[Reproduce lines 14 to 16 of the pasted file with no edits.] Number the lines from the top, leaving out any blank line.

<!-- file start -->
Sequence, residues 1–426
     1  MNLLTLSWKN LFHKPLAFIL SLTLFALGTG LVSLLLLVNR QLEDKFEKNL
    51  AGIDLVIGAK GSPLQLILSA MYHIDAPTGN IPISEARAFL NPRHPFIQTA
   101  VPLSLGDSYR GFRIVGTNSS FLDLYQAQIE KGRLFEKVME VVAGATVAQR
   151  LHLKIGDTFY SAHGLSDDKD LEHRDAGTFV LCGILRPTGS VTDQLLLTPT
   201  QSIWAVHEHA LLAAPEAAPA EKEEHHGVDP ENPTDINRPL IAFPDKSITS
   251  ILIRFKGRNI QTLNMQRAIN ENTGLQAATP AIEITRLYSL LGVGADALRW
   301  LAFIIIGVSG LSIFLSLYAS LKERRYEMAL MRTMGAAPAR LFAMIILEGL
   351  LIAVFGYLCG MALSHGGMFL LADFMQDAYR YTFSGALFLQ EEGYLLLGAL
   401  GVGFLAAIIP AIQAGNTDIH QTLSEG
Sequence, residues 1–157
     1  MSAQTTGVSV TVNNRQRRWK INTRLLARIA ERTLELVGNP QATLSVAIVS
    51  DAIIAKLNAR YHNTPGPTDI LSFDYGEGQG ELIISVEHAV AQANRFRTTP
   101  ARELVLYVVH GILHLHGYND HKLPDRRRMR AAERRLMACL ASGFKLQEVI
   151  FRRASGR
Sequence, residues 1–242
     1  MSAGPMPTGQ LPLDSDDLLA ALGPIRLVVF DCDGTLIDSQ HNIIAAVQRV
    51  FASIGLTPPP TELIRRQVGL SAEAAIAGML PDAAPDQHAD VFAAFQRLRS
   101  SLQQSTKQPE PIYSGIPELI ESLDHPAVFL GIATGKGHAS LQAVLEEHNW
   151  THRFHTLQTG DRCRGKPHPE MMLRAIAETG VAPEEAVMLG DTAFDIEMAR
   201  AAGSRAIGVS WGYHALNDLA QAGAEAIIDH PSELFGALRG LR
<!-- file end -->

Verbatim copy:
   101  ARELVLYVVH GILHLHGYND HKLPDRRRMR AAERRLMACL ASGFKLQEVI
   151  FRRASGR
Sequence, residues 1–242